The 2012 Formula 1 calendar has undergone a major shake-up after the version originally published by the FIA in June left Bernie Ecclestone with some major problems to address.
Key among them was the placing of the first US Grand Prix in Austin in June, alongside the Canadian GP. It soon became obvious that soaring temperatures made that date impractical and the local authorities — concerned about the environmental impact of a summer date — made it clear that the race would have to move.
Ecclestone thus switched it to November, just a week before the season finale in Brazil. While there is some logic to having consecutive races on the same continent the pairing makes for a huge logistical challenge as the venues are over 4000 miles apart, with no direct flights.
In his initial attempt at a reshuffle Ecclestone moved China to April and slotted India into November alongside Abu Dhabi, but hot weather and elections proved a concern for the Delhi date, so that has now been moved back to October.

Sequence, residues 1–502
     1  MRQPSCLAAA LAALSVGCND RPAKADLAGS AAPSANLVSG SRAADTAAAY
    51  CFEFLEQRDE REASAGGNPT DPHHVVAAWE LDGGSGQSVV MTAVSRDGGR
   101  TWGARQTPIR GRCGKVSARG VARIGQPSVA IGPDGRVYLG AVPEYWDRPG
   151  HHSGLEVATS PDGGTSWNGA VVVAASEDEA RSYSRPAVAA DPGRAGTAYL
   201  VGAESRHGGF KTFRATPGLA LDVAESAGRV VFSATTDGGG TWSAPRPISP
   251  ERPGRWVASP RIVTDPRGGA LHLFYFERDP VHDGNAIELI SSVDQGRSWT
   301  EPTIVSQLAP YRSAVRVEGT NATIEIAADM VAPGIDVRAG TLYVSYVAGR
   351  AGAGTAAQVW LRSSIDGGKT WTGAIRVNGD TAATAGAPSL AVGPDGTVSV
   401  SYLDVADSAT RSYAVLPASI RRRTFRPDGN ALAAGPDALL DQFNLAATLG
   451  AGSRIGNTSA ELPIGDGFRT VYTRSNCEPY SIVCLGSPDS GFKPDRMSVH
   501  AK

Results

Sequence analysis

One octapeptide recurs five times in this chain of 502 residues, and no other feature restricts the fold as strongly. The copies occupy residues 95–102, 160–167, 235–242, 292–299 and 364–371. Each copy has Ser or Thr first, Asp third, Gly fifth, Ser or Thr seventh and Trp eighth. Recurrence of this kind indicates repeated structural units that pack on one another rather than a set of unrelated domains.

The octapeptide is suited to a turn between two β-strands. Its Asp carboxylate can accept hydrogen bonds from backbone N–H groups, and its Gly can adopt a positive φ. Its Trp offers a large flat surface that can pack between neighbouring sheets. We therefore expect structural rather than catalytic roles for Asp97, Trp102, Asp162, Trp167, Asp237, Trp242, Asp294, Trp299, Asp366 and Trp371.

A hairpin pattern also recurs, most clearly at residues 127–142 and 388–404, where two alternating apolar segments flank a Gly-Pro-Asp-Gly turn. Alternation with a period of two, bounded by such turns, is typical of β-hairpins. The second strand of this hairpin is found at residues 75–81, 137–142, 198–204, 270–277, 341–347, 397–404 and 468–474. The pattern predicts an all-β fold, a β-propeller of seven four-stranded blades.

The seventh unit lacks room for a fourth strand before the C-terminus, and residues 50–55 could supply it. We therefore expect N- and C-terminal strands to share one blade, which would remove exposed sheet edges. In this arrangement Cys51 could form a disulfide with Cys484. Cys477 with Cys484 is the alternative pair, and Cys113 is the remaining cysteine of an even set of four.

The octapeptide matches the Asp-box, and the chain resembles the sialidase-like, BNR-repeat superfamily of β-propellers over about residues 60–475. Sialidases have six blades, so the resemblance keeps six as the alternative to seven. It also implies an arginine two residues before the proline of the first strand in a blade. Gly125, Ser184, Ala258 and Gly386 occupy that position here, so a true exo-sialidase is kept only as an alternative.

Bahrain has been slotted in as the fourth race, immediately after China. F1 personnel will thus be committed to booking round trips, and given the obvious doubts about Bahrain — and the inevitable possibility of a late cancellation — that could lead to some travel problems.
For the first time in three years Barcelona and Monaco are not back to back, while Belgium has been twinned with Italy — and moved away from the UK August Bank Holiday date that made it popular with visiting fans.
The definitive calendar also confirmed the demise of the Turkish GP, which has proved a commercial failure, with little local interest and few overseas visitors. Ironically the track is regarded as the best created thus far by Hermann Tilke and has generally produced good racing.